BoG Zero deficit financing can be poisonous
An International Monetary Fund conference on ‘Rethinking Macro Policy’ in April 2015, had participants coming to a general consensus that central banks should retain full independence with respect to traditional monetary policy.
The idea is that, fiscal policy has been associated with the curse of hyperinflation since policymakers usually grapple with feeble growth and financial crisis amid political control.
Ghana is faced with a conundrum where the IMF wants government to accept the request for elimination of a current law which allows BoG to finance deficit up to 10 percent.
But every region has its peculiar situation and it is the reason the Finance Committee of parliament wants the law amended to five percent instead of the zero the IMF wants.
Budget deficit comes about when government tax revenue is insufficient to pay for a given level of state spending and a nation borrows to make up for the difference.
It is normal practice that countries borrow more during the time of serious economic challenges or international economic upheavals like the current tumbling of oil prices, to pay back the debts it owes over a period of time.
Factors that cause budget deficits are deliberate fiscal stimulus by governments to boost aggregate demand. Examples include falling profits due to decreased consumer spending leading to low tax revenue and a deliberate attempt to increase spending on public service and increase in debt service cost due to rise in debt.
The Bank of Ghana being asked to stop financing government deficit may not be a useful medicine. Monetary financing is needed in the developing world to restore growth. Governments often find that they have to borrow to finance their spending.
In developed economies, central banks can adopt independent monetary policy for longer periods without facing consistent fiscal deficits.
In developing economies where structural weaknesses exist, however, political pressure on central banks to monetize deficits is seen as one of the main reasons for a positive relationship between fiscal deficits and inflation. Government’s consciously finance deficits to boost the economy.
This action is considered by most politicians and economist in most countries as a positive step. It is a common phenomenon practiced by many developing countries. Though it raises inflation and it is politically unpopular government’s still see it as the best alternative to run the state.
The IMF’s position that the central bank should stop deficit financing could be because it feels doing so has proven inflationary. It perhaps, also has to do with Ghana needing to fix its long – term problems or risk becoming a failed state, which many would say is impossible.
We don’t need to risk getting the economy to a worse level. Once foreign investors lose faith in our economy, a slack in foreign inflows is likely to trigger a financial meltdown which may be worse than our current situation.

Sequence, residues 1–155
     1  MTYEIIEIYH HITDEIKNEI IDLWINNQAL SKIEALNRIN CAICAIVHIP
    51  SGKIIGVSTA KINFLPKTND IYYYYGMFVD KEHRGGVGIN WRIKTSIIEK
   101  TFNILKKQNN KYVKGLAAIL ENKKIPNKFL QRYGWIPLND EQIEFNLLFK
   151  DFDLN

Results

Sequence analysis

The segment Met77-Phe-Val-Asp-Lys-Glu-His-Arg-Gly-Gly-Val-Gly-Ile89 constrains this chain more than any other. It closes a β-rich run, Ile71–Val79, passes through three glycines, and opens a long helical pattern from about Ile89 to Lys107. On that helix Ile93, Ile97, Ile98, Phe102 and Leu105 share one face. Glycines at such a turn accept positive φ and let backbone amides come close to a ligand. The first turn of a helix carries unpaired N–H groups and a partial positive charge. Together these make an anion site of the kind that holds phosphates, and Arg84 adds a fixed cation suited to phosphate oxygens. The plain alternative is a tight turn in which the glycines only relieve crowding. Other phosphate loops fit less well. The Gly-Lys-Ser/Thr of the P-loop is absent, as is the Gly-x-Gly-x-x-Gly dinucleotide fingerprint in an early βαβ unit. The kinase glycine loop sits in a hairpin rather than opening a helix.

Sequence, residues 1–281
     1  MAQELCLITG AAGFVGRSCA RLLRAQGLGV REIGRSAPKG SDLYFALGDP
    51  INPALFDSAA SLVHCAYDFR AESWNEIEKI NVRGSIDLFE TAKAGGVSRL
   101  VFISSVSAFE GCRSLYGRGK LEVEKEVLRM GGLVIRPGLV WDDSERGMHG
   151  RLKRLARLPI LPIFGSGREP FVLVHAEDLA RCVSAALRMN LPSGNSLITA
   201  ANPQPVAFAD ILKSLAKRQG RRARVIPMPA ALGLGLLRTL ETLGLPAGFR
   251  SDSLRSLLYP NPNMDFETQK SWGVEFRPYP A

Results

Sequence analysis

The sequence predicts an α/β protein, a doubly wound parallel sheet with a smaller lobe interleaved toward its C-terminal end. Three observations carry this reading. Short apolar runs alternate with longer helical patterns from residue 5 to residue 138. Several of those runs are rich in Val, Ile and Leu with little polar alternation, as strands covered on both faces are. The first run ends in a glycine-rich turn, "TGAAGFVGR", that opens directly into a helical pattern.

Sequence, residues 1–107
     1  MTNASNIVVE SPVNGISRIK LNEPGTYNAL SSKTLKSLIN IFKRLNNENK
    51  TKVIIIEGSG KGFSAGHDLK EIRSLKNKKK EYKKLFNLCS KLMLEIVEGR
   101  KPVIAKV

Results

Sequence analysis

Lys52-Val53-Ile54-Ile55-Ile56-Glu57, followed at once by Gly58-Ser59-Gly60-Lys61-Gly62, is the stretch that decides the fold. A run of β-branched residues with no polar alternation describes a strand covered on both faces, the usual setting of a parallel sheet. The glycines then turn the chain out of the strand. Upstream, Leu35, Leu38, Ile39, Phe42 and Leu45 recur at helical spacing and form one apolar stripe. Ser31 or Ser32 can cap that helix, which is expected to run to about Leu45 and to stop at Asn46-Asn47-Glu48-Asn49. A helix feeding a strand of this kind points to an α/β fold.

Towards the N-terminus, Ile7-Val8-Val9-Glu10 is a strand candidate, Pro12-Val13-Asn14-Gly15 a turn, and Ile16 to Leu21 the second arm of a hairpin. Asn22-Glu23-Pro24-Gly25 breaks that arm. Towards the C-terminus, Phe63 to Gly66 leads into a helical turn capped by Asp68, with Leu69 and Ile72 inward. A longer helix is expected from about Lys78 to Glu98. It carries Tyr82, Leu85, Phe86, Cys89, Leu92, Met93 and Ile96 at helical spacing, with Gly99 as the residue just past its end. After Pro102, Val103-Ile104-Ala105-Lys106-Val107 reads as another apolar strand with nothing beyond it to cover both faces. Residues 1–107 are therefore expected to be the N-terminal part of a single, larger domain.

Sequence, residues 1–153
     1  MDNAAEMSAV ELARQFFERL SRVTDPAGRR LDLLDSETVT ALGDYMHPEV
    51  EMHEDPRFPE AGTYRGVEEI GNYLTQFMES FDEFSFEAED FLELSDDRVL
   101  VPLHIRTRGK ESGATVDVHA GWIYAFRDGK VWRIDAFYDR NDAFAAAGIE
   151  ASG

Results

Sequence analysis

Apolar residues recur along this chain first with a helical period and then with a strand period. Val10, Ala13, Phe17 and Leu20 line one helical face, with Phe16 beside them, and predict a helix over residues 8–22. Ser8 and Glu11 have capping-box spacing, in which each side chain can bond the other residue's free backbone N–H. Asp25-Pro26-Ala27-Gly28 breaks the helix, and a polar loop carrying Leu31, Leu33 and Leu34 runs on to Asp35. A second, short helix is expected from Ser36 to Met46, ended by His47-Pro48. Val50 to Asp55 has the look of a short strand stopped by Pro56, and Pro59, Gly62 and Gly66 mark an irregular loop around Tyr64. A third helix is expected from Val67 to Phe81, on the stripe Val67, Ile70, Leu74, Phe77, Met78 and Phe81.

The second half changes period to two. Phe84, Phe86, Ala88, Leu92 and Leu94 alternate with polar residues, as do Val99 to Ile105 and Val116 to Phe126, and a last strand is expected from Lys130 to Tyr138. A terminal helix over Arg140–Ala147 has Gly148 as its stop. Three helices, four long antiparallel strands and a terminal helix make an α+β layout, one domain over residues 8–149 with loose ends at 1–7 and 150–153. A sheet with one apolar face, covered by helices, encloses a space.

When it happens, the central bank will be faced with precisely the same question, which is printing more money, and thus, weakening the fiscal budget situation and raising the danger of unrestrained inflation.
When inflation is rising and the central bank, which is tasked to bring it down, is under government control, it makes their request to limit how much is spent to finance deficit impossible to be met. And when such government refuses to cooperate it is only saying publicly that it no longer cares about inflation.
The IMF maybe right in trying to seek zero deficit financing for the central bank but there is no need to rush, since parliament is taking a prudent step to bring it down to five percent. What is needed now is the fund’s patience for both parties to find a fair and sustainable path out of our crisis.
The Fund, in a rush to force the zero deficit financing down our throat in the midst of our serious economic challenge, may end up damaging the economy drastically and extend our dire financial period further. We expect the IMF to help us focus on growth as growth would help reduce deficit.
The Bank of Ghana helping to finance fiscal deficits cannot be excluded from consideration. In economic assumptions we all know there can be extreme circumstances in all situations of life which would demand a quick action. Monetary financing of deficits restores growth in many circumstances and also brings down unemployment.
The IMF could have been more charitable by having a clause for unforeseen circumstances. It could state when the BoG could play a role or needs to play a role in financing deficits.
We desperately accepted the Fund’s policy measures but no desperate politician might resort to such a policy after failing to further debate such unwise step in our world.
Certainly, controlled doses of deficit financing could be beneficial; however, strong rules to bar the central bank from monetizing deficits can also be a dangerous poison.